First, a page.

How do OSHA’s whistleblower laws define retaliation?

On Behalf of | Jan 5, 2021 | Firm News |

As a railroad worker, you face numerous on-the-job hazards, and it is the responsibility of your employer to mitigate the risks you face as much as possible. When your employer takes shortcuts or otherwise acts in a way that creates unnecessary danger, you have a right to report it. 

When you do so, your employer may not retaliate against you in response to your calling attention to his or her wrongdoing. If he or she does retaliate against you, you may be able to hold your employer accountable. What might retaliation from your employer look like? 

Common forms of retaliation

If your employer fires you after you blow the whistle as a railroad worker, this may constitute workplace retaliation. However, retaliation may also take on many other forms. If your employer gives you less favorable job duties or a worse schedule than you had before your whistleblowing, these actions may count as retaliation.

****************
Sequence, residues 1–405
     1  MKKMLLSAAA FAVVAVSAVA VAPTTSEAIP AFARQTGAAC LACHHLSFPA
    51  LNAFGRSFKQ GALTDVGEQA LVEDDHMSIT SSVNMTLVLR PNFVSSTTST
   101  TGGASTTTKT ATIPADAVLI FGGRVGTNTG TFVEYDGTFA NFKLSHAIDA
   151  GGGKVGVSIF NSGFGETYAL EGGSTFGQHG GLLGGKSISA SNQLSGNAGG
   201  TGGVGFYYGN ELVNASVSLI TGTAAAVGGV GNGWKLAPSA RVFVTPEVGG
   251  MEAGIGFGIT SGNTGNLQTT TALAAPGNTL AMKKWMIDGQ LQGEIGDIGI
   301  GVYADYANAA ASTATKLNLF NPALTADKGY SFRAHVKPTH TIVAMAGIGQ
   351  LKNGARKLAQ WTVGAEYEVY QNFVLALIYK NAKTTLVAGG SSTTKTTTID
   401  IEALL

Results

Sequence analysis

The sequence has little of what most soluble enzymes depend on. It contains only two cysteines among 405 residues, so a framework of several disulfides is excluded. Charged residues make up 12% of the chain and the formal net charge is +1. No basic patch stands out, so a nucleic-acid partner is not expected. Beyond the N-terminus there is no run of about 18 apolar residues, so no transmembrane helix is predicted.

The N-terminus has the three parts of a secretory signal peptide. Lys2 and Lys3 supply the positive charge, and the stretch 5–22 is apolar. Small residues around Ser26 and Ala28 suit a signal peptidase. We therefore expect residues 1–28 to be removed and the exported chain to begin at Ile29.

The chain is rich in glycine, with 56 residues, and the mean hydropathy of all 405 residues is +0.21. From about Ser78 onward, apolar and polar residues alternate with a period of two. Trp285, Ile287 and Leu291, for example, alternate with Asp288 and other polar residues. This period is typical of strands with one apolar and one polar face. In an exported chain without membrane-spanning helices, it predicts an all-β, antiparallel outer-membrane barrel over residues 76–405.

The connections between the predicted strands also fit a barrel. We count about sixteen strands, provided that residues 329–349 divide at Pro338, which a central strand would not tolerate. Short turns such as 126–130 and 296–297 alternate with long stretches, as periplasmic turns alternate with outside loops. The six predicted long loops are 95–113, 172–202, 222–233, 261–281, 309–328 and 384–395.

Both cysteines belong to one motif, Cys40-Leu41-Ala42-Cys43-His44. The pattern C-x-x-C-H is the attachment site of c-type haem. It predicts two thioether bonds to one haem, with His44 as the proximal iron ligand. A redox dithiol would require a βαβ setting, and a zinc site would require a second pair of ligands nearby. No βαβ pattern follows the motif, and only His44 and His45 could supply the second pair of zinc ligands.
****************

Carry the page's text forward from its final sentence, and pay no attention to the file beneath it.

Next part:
If he or she denies you a reasonable request for time off, intimidates or harasses you when you do show up to work or denies you benefits that are available to your colleagues, such behaviors may also violate whistleblower protection laws. Other adverse actions that are the direct result of your blowing the whistle may also violate these laws. 

Whistleblower claims

If you exercise your protected right to blow the whistle and your employer takes action against you because of it, you may want to file a claim with the Occupational Safety and Health Administration. 

If you decide to do so, keep in mind that you may need to adhere to a strict timeline when making your claim.